How about that fat-shaming Netflix series?

I was brushing my teeth today and I look in the mirror and my face was caught between two panes of glass, a section of my forehead and most of my nose had been swallowed in the crack where the tri-fold doors of my medicine cabinet met.

It reminded me of that thing I used to do when I was a teenager. I’d stand in front of the mirrored closet doors, arranging myself so that my body was spliced in half by the crack and put back together, thinner. I’d look at my body, the body I wished I had, and imagine the life I would have if I looked like that. My fat midsection sucked into the thin slice of darkness, erasing my shame. Erasing the parts of myself that I was convinced were holding me back.

I watched a lot of TV growing up. More than I probably should have. I watched Even Stevens and yearned for the thin leggy beauty of Ren. I watched Hilary Duff in Lizzie McGuire and wished I had the body of that petite blonde. I watched Boy Meets World and deciphered that even the nerdy girls like Topanga were supposed to be beautiful and, well, thin.

I was convinced I could have these bodies if I worked hard enough. If I ate less. Worked out more.

I could achieve the body in the mirror. And I needed to achieve that body in the mirror, because if I didn’t I was worthless. I was nothing if I wasn’t thin.

I told myself all the things I could do once I was in my right body. I could make friends. I could go out on dates. I could get a job and go to university and get my hair cut short. I could wear sneakers with skinny jeans. I had all these rules for my fat body that I could leave behind when I was finally thin.

I starved myself into a size 4 dress for my prom and that’s when I felt like my life could finally start. My life didn’t start and so I decided I wasn’t thin enough. There was too much of me and that meant I wasn’t enough. I tried different diets, painfully measuring out honey and cayenne pepper and spending way too much money on fresh-squeezed lemon juice. I tortured myself. I weighed my body before and after bowel movements. I wondered how much my legs weighed my breasts weighed how much did the liver inside me weigh? I’d subtract these numbers, trying so hard to reach a point where I felt like a real person. I needed to take away pieces in order to pretend I was whole.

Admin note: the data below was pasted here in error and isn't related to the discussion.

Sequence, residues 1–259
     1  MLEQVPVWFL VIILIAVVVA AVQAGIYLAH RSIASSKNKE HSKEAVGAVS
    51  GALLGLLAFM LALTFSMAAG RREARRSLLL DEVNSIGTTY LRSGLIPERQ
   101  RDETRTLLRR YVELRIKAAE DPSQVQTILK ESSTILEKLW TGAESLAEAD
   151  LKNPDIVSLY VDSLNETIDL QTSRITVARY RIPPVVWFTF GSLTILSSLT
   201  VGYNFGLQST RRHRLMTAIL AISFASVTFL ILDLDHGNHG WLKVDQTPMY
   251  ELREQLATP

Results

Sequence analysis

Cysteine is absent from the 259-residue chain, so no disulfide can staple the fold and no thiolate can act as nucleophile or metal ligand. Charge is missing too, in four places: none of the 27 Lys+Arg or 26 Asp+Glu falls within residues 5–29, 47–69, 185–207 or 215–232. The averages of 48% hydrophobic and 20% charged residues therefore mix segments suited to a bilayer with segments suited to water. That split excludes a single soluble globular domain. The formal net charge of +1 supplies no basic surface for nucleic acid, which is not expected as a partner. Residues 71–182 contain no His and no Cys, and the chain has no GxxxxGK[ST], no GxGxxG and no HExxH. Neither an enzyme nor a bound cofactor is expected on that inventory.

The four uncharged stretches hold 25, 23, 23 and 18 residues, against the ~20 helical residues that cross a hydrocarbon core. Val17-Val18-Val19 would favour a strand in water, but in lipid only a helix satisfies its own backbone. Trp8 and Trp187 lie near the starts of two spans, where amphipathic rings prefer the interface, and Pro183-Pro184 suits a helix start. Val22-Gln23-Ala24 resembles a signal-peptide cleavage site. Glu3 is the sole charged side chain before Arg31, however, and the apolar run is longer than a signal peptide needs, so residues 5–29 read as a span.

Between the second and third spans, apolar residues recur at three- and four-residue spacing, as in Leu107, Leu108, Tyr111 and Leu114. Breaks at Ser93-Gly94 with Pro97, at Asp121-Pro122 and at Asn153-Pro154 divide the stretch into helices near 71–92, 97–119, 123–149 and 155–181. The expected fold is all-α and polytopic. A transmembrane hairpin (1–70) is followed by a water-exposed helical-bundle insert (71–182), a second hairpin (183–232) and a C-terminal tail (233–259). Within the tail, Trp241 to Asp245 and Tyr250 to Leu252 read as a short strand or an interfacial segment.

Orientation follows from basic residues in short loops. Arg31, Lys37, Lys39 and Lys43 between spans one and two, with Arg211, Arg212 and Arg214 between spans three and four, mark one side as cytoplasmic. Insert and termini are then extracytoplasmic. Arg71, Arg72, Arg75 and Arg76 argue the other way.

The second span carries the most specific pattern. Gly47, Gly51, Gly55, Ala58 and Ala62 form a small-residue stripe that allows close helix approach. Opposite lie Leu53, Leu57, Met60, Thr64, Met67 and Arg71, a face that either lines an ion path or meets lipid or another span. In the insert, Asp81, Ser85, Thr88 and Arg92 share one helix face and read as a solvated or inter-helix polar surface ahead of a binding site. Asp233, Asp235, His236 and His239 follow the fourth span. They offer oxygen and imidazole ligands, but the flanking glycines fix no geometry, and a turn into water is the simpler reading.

I gained all the weight back and then some when I started university. My first year of school I was thin but I didn’t know it. I was too focused on the way my thighs rubbed as I walked down the hallway. I participated in a study ran by a graduate student for extra credit in my intro-level psych class. She was brilliant, but the swell of her gut pushed against her cotton t, rolls of flesh swelled over the sides of her jeans. I told myself no matter how long I spent in academia I’d never let my body go, I wouldn’t get fat like her.

But I did. I gained and gained and gained and I hated my body, wishing I could chisel my true self free.

My fourth year of university, I took self-timed photos of me in my bathing suit in my poorly lit bathroom, counting every roll and dimple and stretch mark. My imperfections. This was my before. This was the body I would cast aside for my real body, my good body.